Don’t Be “That Guy” in the Gym

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  You all know exactly who I’m talking about: those hundred or so students that flood the gym the first few weeks back in January. They hog the machines and clog the line, overcrowding the gym for those dedicated students who actually go to the gym year-round.

 Listen, I know that you made a New Year’s resolution to lose some weight and actually use that gym membership that your parents are most likely paying for. Good for you. But I also know that you’re probably only going to be working out for a week, two weeks max. So why don’t you all save us the annoyance and just quit early.

Or, you defy all odds and continue going to the gym after the second week of the semester. And maybe, just maybe, you can make a habit of it.

In order to be one of those so-called crazy people that make it to the gym on a daily basis, you need to have some serious motivation. Along with motivation comes a set of goals you want to reach and a plan to help you reach them.

Setting a goal may sound easy, but it’s actually more difficult than you think. A goal that you have any chance of reaching needs to be extremely specific, measurable, attainable, realistic and time frame specific. For example, if you’re a bigger person with weight to lose, you may be able to set a goal to lose 20 pounds in two months, but if you’re smaller, a more realistic, attainable and time frame specific goal would be to lose only five pounds in one month. If you set goals that you’ll never be able to reach, you’ll quickly lose motivation and stop working toward it.

Once you have a goal set it’s time to create a fitness plan. The plan needs to take into consideration your work and class schedule on a week-by-week basis. One week you may be able to make it to the gym five days, while another week you may only be able to go twice. As long as you plan for things like this it’s perfectly okay.

Your fitness plan also needs to factor in boredom. Don’t plan on running a few miles on the treadmill each time. Switch it up. Run long distance on the treadmill one day and go on the bike another. Run sprints on days when you’re feeling extra sluggish or follow a training program on the elliptical to work certain areas of your body. It’s important to not do the same exercises over and over again because if you do, you’ll get bored quickly and find yourself dreading your workout.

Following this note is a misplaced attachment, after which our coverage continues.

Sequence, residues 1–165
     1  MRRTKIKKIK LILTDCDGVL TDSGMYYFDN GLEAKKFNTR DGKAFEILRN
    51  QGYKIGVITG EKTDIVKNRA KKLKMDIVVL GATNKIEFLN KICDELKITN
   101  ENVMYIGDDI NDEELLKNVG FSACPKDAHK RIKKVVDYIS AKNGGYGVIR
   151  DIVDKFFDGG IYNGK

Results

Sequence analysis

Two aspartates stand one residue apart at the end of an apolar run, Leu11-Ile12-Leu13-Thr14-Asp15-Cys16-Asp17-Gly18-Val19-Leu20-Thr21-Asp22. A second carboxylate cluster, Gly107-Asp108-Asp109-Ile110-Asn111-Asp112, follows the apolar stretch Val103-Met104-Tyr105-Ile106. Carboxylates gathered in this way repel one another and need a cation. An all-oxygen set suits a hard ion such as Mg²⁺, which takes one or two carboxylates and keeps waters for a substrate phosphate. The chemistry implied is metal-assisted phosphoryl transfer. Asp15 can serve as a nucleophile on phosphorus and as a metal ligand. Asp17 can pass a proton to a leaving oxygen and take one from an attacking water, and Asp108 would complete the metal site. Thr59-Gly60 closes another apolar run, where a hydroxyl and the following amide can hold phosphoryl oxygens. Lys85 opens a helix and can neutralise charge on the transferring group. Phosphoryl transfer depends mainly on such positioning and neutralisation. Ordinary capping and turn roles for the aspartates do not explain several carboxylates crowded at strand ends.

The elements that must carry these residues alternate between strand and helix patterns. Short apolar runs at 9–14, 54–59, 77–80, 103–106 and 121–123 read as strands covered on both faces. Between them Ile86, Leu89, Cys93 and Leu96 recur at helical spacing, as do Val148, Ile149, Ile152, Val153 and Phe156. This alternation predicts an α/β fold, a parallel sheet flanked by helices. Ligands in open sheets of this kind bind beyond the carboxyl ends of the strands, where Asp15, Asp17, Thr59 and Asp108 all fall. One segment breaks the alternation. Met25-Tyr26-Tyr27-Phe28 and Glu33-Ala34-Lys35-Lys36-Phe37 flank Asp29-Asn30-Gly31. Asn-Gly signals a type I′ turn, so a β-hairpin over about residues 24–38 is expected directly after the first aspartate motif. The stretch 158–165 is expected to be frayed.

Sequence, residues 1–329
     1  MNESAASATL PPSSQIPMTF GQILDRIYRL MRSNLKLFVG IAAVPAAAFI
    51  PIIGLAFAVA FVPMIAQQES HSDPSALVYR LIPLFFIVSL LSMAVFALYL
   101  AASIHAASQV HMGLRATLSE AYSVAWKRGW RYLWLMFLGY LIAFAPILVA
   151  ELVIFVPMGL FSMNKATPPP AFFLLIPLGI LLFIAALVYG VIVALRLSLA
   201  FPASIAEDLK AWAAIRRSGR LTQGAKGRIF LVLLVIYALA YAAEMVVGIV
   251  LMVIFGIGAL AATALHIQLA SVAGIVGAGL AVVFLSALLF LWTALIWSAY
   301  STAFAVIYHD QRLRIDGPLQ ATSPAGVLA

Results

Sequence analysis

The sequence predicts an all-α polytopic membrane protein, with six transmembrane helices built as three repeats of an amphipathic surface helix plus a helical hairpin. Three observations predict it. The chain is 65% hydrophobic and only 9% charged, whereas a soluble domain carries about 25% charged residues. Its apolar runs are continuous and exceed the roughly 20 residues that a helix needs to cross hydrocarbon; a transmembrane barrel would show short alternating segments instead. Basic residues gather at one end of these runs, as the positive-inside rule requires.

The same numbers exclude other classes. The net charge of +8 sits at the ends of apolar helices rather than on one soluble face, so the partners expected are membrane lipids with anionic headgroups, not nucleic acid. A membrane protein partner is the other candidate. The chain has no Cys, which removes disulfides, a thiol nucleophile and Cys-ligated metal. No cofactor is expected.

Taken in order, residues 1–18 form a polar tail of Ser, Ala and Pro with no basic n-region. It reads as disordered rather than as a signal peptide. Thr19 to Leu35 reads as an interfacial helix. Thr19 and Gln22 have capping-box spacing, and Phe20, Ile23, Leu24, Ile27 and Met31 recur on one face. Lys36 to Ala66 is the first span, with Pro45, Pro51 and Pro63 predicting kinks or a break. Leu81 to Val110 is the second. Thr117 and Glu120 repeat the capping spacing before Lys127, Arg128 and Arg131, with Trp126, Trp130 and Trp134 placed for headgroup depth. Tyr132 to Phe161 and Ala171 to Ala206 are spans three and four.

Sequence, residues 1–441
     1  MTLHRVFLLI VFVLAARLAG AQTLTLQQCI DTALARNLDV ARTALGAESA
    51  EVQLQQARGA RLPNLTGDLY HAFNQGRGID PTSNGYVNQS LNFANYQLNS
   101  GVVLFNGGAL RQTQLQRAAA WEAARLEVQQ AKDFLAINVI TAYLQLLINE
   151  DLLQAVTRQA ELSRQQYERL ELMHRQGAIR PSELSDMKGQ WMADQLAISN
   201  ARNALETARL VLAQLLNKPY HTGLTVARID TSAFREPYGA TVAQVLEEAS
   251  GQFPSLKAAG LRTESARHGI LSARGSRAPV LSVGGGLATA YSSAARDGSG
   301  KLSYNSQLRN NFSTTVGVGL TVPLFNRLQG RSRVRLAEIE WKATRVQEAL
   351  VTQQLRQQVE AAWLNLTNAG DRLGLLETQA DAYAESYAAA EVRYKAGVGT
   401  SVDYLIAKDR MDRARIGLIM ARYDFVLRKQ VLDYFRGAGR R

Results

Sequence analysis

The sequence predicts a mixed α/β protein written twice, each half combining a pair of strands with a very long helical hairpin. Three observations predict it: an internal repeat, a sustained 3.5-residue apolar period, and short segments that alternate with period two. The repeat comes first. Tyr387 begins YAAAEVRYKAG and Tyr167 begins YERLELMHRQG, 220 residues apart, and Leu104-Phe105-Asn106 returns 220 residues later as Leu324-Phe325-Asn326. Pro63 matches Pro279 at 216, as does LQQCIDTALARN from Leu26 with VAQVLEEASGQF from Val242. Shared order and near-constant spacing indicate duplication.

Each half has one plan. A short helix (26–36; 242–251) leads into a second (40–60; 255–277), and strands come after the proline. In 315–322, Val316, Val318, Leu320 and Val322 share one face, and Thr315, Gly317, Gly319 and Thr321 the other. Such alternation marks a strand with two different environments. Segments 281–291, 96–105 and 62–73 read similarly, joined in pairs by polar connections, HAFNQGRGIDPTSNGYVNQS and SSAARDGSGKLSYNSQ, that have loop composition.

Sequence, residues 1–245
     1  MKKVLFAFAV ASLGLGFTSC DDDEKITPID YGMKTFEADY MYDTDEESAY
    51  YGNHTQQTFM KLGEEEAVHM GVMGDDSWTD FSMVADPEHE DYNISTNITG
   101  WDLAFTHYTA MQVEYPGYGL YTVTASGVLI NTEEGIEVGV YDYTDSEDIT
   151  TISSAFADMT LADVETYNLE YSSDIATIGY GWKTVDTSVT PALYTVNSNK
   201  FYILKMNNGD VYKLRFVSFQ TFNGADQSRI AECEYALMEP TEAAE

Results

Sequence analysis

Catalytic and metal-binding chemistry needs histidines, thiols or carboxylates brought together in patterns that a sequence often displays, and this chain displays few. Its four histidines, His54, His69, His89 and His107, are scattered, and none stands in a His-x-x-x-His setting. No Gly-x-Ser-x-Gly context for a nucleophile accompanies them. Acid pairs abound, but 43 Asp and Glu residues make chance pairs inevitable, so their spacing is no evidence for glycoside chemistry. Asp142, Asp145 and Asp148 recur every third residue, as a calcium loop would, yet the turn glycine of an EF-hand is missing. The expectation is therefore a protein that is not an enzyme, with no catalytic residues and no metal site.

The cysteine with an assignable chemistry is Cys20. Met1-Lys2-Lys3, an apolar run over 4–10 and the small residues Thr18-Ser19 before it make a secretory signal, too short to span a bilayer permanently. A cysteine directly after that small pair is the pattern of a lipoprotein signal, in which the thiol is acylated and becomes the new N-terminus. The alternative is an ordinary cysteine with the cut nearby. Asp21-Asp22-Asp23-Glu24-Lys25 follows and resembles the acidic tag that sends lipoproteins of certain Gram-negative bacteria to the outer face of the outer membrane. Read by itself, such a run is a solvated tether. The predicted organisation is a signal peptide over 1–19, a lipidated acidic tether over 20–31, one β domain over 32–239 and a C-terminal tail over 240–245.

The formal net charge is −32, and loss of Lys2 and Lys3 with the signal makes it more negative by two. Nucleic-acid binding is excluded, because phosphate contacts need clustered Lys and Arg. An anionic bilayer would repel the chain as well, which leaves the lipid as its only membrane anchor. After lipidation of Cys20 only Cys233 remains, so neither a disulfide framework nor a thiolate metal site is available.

Another great way to guarantee your recurring visits to the gym is to get a workout buddy. Find someone who has the same goals as you and agree to always force each other to go, even when you’d both rather hibernate on the couch to hide from the cold weather.

Finally, always keep in mind what you’re working toward. You want to look and feel great by the first time you put on a bathing suit. You want to finally reach your goals. And most importantly, you don’t want to be labeled “that guy” in the gym. This time next year, you’ll be the one complaining about all those posers that act like they’re going to make the gym part of their daily routine. 

It’s easier said than done, I know. But I promise you, if you make the gym a habit and realize that you’re going to be so much happier in the future, you’ll be able to do it. If I can do it, you can. So it’s time to get your lazy butts off the couch and into the gym.

You can thank me later.

Senior > Print Journalism > Penn State

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